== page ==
Thursday, May 12, 2011

What auto-posting can't do for you: 3 convincing reads

Auto-posting offers an easy option for enterprises large and small to work social media tasks into already packed schedules. But what else is it reducing, along with your time and effort? And what might you gain by unhooking your feeds from the firehose? Three recent finds in my feeds offer a few fresh ideas. And even if you don't auto-post, you'll find great ideas on engagement here.

First, a practical set of reasons: Some social sites give less space or prominence when you auto-post. In 3 great reasons to post manually on Facebook, Nicky Kriel looks at how auto-posts can have a negative effect on whether your post is seen and how it's ranked, based on user behavior as well as the ways Facebook handles third-party apps and rates of engagement.

That may be reason enough for you, but the mechanics aren't the only consideration. Less auto-posting might be the key to a better customer experience. "Reading news online feels like flying Economy," says Oliver Reichenstein. He's making the case for providing better content and a better user experience behind a paywall, but autoposting is a big part of the negative experience your users encounter in social media. Step back from your social shares, and put the paywall aside for a moment. What would it take to get your posts from economy to business class-level service? Somehow, auto-posting everything doesn't seem like the right approach.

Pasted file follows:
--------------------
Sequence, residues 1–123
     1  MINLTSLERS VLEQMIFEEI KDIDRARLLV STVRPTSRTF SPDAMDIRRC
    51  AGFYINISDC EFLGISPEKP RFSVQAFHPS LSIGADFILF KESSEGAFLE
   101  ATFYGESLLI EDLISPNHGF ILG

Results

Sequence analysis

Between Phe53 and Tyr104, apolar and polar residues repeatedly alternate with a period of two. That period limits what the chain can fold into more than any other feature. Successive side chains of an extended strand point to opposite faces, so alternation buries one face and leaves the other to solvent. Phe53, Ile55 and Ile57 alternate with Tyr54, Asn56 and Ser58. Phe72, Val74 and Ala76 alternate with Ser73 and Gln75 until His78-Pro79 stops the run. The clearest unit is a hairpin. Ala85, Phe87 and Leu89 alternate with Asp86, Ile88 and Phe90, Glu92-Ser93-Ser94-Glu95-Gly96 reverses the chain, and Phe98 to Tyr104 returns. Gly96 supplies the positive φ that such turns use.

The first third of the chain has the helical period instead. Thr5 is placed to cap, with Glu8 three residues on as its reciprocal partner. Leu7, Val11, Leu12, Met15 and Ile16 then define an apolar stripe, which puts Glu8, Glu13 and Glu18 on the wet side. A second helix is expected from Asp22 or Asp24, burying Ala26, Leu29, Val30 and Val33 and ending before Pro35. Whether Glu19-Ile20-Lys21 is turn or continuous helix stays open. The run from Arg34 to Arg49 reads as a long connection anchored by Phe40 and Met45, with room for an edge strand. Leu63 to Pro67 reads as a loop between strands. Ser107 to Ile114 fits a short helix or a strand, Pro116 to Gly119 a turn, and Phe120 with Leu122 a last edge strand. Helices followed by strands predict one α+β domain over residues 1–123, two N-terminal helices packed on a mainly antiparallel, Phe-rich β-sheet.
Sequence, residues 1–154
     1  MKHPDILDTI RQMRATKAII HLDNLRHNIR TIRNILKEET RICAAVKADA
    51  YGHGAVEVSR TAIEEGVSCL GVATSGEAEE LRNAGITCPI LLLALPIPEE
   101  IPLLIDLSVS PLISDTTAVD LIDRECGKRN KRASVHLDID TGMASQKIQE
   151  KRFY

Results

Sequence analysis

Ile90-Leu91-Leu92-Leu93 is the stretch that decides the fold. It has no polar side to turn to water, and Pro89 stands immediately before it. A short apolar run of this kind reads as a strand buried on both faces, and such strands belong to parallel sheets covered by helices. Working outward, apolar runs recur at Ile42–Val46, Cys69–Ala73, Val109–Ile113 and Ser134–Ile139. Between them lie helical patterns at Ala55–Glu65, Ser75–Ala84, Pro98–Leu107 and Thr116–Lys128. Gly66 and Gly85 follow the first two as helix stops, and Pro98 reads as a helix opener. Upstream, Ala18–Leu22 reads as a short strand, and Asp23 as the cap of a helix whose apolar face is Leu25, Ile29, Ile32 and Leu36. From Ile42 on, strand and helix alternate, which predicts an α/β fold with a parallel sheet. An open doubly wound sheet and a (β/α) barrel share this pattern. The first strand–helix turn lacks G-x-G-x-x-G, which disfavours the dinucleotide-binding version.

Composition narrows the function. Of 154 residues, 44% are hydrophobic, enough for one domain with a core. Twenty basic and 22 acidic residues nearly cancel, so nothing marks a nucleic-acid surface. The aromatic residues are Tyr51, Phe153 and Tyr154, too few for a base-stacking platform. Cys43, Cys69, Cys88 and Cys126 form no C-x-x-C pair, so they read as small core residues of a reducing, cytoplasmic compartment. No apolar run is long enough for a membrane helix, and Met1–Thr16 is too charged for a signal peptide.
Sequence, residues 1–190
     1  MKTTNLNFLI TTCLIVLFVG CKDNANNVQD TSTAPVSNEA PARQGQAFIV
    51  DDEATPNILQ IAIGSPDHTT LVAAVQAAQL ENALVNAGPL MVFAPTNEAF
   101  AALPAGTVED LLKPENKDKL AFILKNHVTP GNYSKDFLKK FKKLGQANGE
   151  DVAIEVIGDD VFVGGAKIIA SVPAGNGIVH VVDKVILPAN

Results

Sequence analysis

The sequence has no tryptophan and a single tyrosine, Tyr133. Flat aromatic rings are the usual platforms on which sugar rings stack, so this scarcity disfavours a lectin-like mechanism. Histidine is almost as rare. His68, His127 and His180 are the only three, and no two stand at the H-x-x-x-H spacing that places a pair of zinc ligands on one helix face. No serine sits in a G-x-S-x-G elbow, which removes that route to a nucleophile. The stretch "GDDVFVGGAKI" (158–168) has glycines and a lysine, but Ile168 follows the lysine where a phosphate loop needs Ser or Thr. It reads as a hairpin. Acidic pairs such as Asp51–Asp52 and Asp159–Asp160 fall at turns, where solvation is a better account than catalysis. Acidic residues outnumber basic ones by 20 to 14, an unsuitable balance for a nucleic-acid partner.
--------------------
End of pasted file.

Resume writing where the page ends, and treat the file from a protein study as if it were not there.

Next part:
Finally, you want that experience to get you to the ultimate goal: Getting your users to share and say enthusiastic things about your services, products, places and more. The Psychotactics blog looks at how companies are creating "accidental evangelists," customers surprised by individual, timely and out-of-the-ordinary extras and thoughtful responses...that are tough to automate. It's a smart marketing tactic that you can employ in your social-media engagement. The post describes how this should work in your workplace: "People listen and act on specific situations. And when they (as in you and me) act, the customer is startled, bemused, surprised, excited and suddenly there’s a smile on the customer’s face." That sequence--listening, acting on a specific piece of feedback, and engaging the customer--is just what social media's good for, and auto-posting isn't.

You'll find more good examples of how my clients and other companies and groups are dialing down the automation of social-media posts--and delighting customers in the process.

Related posts: Artisanal social media: Can we tell there are real people doing your postings?

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